Since Hurricane Maria devastated Puerto Rico three years ago, the U.S. territory has suffered greatly. Subsequent natural disasters, an ongoing financial crisis, and now the COVID-19 pandemic have all prevented the island from making a full recovery.
Hundreds of Puerto Ricans who made the wrenching decision to leave their homes and move to Chicago after the hurricane have also struggled to recover. With help from community organizations, some have thrived in their new lives, but some have found it hard to adapt.
Among the evacuees is Elizabeth Alfonso, who moved to Chicago with her infant daughter after the hurricane. Alfonso says that while Puerto Ricans are accustomed to dealing with hurricane, Maria’s ferocity caught them by surprise.
“I think we were not expecting it was going to be that bad,” she said. “At some point we’re used to hurricanes and tropical storms, and even though we thought we were prepared, we were not prepared for that. Puerto Rico was not ready for that even before, it was not ready even before that.”
Alfonso initially settled in Chicago, but she found the city too expensive and moved to Indiana when a job became available.
As for returning to Puerto Rico, Alfonso says it’s not likely anytime soon. “I have visited Puerto Rico in the past three years more than three times trying to come back and I don’t see it possible or beneficial for me and my daughter,” she said. “I love my island but there’s no future for me and my daughter for now.”
Natasha Brown, director of human services and housing initiative at the Puerto Rican Cultural Center, joined the organization a year after the hurricane struck the island. Brown says there were thousands of what the PRCC termed “climate refugees” because climate change is at the root of devastating storms like Maria.
“We know based on science and data that hurricanes are going to be increasing and the intensity is increasing,” she said.
Brown says that since another mass evacuation event due to destructive weather is likely, Chicago would do well to tighten up its process for accepting refugees.
“If we were to have this happen again – we need to be able to track individuals,” she said. “We need to make sure that upon arrival that we have different ways to contact individuals. We have to have the support network in place. What does that look like for housing? Registering individuals to get a medical card, to get SNAP benefits, what does that mean for us to make sure they have coats, hats, gloves – just having basic items for hygiene, a change of clothes, because people lost everything. We had a two-day SNAP, LINK and health care workshop for these people. And it’s kind of surprising that a year later some still didn’t have their benefits in order.”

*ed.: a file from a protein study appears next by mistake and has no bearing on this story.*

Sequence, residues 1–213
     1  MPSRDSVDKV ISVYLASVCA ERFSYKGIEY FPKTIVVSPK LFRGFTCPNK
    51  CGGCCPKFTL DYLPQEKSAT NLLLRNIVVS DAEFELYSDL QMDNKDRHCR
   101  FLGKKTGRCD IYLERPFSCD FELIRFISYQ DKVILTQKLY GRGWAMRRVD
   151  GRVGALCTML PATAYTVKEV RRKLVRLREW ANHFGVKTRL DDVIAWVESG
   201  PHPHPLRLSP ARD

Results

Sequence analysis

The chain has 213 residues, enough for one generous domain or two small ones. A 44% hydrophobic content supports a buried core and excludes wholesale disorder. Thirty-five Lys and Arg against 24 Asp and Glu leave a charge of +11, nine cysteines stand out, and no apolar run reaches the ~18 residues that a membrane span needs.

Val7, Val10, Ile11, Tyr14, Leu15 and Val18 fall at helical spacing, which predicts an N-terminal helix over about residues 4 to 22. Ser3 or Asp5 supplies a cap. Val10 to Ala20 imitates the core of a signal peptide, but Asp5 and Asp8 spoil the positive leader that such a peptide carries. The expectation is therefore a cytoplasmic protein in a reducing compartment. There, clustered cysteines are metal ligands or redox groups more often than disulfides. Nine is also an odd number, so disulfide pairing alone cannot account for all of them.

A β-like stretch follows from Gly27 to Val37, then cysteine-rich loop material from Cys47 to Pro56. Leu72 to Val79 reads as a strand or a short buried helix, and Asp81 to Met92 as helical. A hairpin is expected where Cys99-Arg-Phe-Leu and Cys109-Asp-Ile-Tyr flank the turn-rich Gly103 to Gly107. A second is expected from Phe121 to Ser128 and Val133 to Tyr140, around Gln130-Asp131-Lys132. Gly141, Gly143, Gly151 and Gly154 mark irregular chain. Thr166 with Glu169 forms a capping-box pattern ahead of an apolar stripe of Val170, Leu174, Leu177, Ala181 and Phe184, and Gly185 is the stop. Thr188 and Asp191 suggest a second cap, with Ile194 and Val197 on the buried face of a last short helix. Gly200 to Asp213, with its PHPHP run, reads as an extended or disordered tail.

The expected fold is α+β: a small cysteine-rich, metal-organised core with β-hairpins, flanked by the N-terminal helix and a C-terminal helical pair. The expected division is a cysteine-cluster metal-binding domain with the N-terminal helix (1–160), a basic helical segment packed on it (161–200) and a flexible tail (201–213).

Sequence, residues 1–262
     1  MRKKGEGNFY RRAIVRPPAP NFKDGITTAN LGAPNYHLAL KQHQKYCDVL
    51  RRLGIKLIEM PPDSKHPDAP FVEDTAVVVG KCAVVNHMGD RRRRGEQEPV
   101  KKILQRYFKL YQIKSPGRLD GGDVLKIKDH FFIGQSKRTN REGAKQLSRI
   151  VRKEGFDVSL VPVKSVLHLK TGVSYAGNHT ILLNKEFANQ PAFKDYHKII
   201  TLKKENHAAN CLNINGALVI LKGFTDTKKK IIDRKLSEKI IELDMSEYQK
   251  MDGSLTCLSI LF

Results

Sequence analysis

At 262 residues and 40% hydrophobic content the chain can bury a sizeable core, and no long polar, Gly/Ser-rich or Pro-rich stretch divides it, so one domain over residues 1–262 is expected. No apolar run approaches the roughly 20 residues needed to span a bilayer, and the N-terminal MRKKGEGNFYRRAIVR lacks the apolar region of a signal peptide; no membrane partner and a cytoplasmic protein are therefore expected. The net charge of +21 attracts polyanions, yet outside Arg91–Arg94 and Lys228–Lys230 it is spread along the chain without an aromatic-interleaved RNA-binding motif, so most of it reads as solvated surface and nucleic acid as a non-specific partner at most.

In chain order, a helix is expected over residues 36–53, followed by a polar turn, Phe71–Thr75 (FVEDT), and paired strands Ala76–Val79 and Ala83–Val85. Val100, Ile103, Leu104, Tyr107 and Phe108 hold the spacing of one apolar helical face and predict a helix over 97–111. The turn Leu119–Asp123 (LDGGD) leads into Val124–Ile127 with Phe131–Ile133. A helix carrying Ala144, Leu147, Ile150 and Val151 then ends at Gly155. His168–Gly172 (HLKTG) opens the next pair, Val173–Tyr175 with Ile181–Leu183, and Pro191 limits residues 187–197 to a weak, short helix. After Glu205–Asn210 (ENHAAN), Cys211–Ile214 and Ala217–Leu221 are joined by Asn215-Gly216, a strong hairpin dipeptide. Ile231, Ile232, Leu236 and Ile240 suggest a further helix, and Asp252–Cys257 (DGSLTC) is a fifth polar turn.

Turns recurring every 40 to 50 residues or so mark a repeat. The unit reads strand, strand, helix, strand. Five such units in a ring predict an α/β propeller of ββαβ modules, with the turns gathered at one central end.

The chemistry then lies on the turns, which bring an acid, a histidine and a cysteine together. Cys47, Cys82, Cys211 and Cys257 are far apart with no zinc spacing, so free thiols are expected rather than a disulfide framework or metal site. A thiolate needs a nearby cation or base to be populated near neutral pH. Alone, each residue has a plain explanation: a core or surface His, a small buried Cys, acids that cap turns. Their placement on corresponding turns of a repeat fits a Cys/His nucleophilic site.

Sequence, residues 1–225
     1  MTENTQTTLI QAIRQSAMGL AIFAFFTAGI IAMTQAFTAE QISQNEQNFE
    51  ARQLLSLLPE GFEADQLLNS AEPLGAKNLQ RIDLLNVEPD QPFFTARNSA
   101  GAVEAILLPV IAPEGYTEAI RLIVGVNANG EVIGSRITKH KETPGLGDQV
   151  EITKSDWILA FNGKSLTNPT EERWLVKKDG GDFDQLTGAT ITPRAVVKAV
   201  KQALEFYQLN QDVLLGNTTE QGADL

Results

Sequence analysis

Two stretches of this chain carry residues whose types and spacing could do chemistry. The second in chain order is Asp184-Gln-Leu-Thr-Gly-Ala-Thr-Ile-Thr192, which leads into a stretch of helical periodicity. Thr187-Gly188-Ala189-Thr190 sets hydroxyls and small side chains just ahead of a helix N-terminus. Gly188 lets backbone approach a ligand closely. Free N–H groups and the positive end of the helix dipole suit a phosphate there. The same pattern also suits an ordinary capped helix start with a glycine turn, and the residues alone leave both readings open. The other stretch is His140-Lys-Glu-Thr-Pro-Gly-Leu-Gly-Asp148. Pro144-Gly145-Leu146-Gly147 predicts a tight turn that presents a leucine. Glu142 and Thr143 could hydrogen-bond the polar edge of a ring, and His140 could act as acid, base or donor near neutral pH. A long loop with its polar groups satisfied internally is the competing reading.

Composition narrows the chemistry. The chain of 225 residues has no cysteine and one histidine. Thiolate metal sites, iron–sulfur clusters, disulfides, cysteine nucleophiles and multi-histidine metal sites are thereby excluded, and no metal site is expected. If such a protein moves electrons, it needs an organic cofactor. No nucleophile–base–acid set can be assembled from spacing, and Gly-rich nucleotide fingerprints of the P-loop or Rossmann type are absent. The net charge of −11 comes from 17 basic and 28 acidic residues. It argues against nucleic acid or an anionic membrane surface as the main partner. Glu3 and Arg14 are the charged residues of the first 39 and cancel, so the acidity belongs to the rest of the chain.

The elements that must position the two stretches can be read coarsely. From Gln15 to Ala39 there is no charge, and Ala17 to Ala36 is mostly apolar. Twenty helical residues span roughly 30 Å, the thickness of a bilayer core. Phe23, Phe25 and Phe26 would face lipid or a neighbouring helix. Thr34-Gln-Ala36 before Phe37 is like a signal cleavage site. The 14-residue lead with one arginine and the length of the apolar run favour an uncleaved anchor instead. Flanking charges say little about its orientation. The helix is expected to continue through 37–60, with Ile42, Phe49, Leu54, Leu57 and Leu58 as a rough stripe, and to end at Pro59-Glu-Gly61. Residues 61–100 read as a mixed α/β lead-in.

This week, the Trump administration announced a $13 billion aid package for the island, and Democratic presidential nominee Joe Biden released his own plan for stabilizing Puerto Rico.
Puerto Rico native Samantha Toledo, a case manager for PRCC who also helps climate refugees get assistance, says that the Trump administration’s efforts towards Puerto Rican recovery fell short in her estimation.
“I do not believe he did enough after the hurricane hit. There was a lot of money that was funneled and was not kept track of,” she said. “People are hungry, homes are still to this day not rebuilt, the infrastructure is still not done correctly. We know that Puerto Rico has an overall score of D- in their infrastructure and none of the money that Trump supposedly gave was allocated to any of those resources that were necessary to fix at the time.”
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